The Hornady American Gunner 124-grain XTP +P has given excellent results and would be the carry load at present. The Wilson Combat sights, barrel, and trigger make for a great combination. This pistol is as highly developed a 1911 as we are likely to find. In combat drills, the grip frame and light weight make for a handgun that is fast from leather—I can recall no livelier handgun. Bill Wilson has been perfecting the 1911 for 40 years, and I have been testing many handguns over the same period. The pistol is at least as accurate as the SIG P210 but handles faster, is more compact, and makes for a viable defensive handgun.
If I owned the EDC X9 would I carry it? That is what the piece is for, and there is really nothing else quite like it. For those lucky enough to own such a handgun, carry it—and most of all, fire it often.
Do you carry an expensive gun or own a safe queen? Which model? Share your answers in the comment section.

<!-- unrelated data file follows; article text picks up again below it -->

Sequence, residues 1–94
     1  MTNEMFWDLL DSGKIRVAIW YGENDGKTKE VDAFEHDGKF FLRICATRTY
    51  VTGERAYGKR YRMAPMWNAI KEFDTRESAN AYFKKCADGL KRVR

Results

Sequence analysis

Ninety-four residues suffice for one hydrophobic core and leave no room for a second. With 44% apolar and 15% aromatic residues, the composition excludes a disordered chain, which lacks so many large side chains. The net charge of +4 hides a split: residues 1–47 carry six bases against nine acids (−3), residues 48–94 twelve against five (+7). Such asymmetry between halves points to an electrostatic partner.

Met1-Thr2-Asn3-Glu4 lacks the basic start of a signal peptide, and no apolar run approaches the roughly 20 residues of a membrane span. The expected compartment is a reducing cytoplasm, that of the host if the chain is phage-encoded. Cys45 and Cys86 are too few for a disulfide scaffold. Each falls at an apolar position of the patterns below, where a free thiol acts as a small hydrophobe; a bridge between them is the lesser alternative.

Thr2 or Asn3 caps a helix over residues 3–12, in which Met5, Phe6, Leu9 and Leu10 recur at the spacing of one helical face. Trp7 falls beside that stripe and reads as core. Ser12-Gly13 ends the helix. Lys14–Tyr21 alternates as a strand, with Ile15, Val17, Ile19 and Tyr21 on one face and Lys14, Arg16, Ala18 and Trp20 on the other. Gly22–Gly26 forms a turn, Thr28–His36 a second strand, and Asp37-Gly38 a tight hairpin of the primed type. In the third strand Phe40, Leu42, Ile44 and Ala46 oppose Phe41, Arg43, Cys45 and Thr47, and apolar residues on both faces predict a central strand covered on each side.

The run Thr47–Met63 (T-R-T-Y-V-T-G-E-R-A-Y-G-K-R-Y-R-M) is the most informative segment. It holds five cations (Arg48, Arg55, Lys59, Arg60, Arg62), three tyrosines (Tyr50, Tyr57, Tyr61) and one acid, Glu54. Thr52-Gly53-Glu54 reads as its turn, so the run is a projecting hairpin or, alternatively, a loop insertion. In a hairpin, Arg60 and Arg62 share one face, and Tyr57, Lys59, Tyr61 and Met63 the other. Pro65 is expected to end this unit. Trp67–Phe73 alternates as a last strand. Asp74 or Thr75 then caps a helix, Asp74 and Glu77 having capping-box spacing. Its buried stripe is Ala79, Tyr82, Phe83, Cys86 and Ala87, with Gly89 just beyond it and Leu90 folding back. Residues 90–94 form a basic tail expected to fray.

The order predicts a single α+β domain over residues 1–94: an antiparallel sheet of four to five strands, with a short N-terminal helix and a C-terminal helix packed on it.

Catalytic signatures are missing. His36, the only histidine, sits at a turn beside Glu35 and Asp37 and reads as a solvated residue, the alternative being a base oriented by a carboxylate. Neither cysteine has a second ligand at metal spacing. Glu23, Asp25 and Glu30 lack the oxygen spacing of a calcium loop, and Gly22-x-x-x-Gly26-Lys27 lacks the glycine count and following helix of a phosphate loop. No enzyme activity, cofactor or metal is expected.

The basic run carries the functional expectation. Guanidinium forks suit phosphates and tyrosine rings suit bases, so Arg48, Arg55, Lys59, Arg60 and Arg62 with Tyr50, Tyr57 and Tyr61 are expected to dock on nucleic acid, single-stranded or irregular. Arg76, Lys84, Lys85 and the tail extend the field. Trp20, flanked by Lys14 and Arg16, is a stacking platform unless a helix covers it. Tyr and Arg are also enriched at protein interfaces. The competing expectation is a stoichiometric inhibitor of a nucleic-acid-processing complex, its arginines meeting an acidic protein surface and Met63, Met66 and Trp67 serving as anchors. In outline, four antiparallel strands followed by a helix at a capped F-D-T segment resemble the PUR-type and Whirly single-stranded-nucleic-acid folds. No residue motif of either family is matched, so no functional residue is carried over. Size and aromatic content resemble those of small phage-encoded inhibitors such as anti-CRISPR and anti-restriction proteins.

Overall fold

Bob Campbell is a former peace officer and published author with over 40 years combined shooting and police and security experience. Bob holds a degree in Criminal Justice. Bob is the author of the books, The Handgun in Personal Defense, Holsters for Combat and Concealed Carry, The 1911 Automatic Pistol, The Gun Digest Book of Personal Protection and Home Defense, The Shooters Guide to the 1911, The Hunter and the Hunted, and The Complete Illustrated Manual of Handgun Skills. His latest book is Dealing with the Great Ammo Shortage. He is also a regular contributor to Gun Tests, American Gunsmith, Small Arms Review, Gun Digest, Concealed Carry Magazine, Knife World, Women and Guns, Handloader and other publications. Bob is well-known for his firearm testing.